Skip to main content

Sign up for our newsletter.

Quality journalism. Progressive values. Direct to your inbox.

U.S. Rep. Alexandria Ocasio-Cortez (D-N.Y) and Democratic presidential candidate Sen. Bernie Sanders (I-VT) stand together during his campaign event at the Whittemore Center Arena on February 10, 2020 in Durham, New Hampshire. The state's Democratic primary is tomorrow. (Photo: Joe Raedle/Getty Images)

U.S. Rep. Alexandria Ocasio-Cortez (D-N.Y) and Democratic presidential candidate Sen. Bernie Sanders (I-VT) stand together during his campaign event at the Whittemore Center Arena on February 10, 2020 in Durham, New Hampshire. The state's Democratic primary is tomorrow. (Photo: Joe Raedle/Getty Images)

At New Hampshire Rally, Sanders Calls on 7,500+ Supporters to 'Transform America' on Primary Day

"The one percent may be powerful, but there are a lot more people in the 99 percent."

Eoin Higgins, staff writer

Sen. Bernie Sanders exhorted what his campaign said was over 7,500 supporters at the University of New Hampshire's Whittemore Center in Durham, New Hampshire Monday night to get out the vote in the state's first-in-the-nation primary on Tuesday and bring the "Not me, us" movement to the White House in November's general election against the incumbent President Donald Trump.

"Donald Trump intends to win reelection by dividing color of skin, ethnic background, gender, and sexuality," said Sanders. "We are going to do exactly the opposite—we are going to bring our people together."

"We're coming together in the strongest grassroots movement in the history of American politics," Sanders thundered to deafening applause in the arena. The at-capacity crowd was the largest any candidate has recieved in New Hampshire this primary season—more than three times larger than a Sanders' rally at Keene State College on Sunday.

The senator addressed the crowd after an opening concert by Sunflower Bean and speeches by Rep. Alexandria Ocasio-Cortez, campaign co-chair Nina Turner, and others. 

"We have to nominate somebody with a political revolution at their back," said Ocasio-Cortez.

Turner said that Sanders represents a radical opportunity for the country, and called the senator a "champion." Referring to comments from centrist Democrats like James Carville questioning the practicality of Sanders' positions, Turner listed the challenges faced by the U.S. and told the crowd half measures were insufficient.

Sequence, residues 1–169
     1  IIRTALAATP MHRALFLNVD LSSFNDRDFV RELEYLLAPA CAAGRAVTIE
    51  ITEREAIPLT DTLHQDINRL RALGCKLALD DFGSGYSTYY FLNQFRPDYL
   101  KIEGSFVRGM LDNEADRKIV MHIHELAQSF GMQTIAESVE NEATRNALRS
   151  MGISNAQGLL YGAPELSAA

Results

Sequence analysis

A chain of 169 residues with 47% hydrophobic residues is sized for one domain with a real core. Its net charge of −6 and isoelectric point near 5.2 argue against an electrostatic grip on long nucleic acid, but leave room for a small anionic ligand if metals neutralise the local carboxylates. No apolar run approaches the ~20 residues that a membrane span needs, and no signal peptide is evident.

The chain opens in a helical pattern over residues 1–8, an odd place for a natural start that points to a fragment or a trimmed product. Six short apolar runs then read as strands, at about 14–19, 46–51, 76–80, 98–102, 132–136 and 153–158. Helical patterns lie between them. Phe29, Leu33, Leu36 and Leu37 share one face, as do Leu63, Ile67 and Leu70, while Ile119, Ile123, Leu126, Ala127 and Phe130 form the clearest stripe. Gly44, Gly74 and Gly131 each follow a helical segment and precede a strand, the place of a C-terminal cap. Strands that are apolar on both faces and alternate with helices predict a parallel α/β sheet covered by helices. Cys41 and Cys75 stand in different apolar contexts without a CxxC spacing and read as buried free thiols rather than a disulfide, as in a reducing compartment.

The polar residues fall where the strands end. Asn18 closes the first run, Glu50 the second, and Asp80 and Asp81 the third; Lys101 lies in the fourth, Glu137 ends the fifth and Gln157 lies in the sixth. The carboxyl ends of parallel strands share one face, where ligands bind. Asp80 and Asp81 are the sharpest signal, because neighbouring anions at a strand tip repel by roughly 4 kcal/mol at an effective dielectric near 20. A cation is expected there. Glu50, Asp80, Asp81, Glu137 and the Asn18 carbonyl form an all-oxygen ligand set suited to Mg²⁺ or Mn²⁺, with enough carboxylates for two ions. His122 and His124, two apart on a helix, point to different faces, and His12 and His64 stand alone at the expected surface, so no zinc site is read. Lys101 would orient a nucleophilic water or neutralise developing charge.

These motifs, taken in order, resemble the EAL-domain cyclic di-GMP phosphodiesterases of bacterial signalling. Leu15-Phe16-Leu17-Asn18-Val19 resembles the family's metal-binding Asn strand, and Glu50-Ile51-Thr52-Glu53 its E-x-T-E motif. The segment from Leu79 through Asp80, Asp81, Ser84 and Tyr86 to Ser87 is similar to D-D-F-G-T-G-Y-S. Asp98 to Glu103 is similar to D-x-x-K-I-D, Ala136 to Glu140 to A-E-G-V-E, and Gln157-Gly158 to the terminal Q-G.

"If you're out in the middle of an ocean drowning, who do you want to save you?" Turner asked the crowd. "Someone who's practical, or someone who's radical?"

Education was a key part of Sanders' message as the senator called for teachers to receive salaries of at least $60,000 and for the end of student debt. The senator also emphasized his universal healthcare message, hit Wall Street and billionaires, and pushed for immediately addressing the climate crisis and ending mass incarceration. 

It was a closing argument for the senator, who hopes to have a significant showing in New Hampshire on Tuesday before he heads to the next early states Nevada and South Carolina. 

Sanders saw a boost in national polling numbers over the weekend and on Monday. As Common Dreams reported, a Quinnipiac University poll released Monday showed the senator taking a commanding lead nationally over his rivals and in a statistical tie for "electability" with former Vice President Joe Biden, whose numbers are falling after a fourth place finish in the Iowa caucuses. 

The senator asked the crowd to consider their place in history.

"The world is looking at you, New Hampshire," he said. "What you do will have international consequences—it defeats the most dangerous president in history but it also begins the movement to create an economy and government that works for all of us, not just the one percent."

"The one percent may be powerful, but there are a lot more people in the 99 percent," Sanders added. "Let's go forward, let's win this thing, and let's transform America."

After Sanders' remarks, much of the crowd stayed behind for a concert by rock band The Strokes, with supporters dancing in the aisles and even crowd-surfing in front of the stage.


Our work is licensed under Creative Commons (CC BY-NC-ND 3.0). Feel free to republish and share widely.
We need your help.

Support progressive journalism.

Common Dreams is not your average news site. We don't survive on clicks or advertising dollars. We rely entirely on your support. And without it, our independent progressive journalism simply wouldn’t exist. Every gift of every amount matters.

Join the fight and support our common dreams today.

'A Deeply Dangerous Order': Trump-Appointed Judge Blocks Biden From Pausing New Oil Drilling Leases

"The judge's order turns a blind eye to runaway climate pollution that's devastating our planet."

Jake Johnson, staff writer ·


After Far-Right Marchers Chant 'Death to Arabs,' New Israeli Government Bombs Gaza

"The problem is bigger than Netanyahu—it's apartheid."

Jake Johnson, staff writer ·


Progressives, Big Tech Critics Celebrate Confirmation of Lina Khan as FTC Chair

"Her presence on the FTC marks the beginning of the end of an era of lawlessness for powerful corporations that they've enjoyed at the expense of workers, smaller businesses, and democracy."

Jessica Corbett, staff writer ·


'Our Democracy Hangs in the Balance': Calls Grow for Justice Breyer to Retire

"Democrats could lose our razor-thin majority in the Senate at any moment," warns Rep. Mondaire Jones. "It would be irresponsible to leave the future of our democracy up to chance."

Brett Wilkins, staff writer ·


Share of Fossil Fuels in Global Energy Mix 'Has Not Moved by an Inch' in a Decade

"We are waking up to the bitter reality that the climate policy promises over the past 10 years have mostly been empty words," said the executive director of REN21, which released the new report.

Jessica Corbett, staff writer ·